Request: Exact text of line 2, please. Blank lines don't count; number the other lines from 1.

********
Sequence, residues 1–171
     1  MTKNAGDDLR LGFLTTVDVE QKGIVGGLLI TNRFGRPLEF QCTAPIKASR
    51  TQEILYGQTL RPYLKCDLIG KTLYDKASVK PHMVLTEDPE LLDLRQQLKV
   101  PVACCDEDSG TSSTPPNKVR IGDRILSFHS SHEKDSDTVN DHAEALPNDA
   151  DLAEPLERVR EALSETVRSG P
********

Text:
     1  MTKNAGDDLR LGFLTTVDVE QKGIVGGLLI TNRFGRPLEF QCTAPIKASR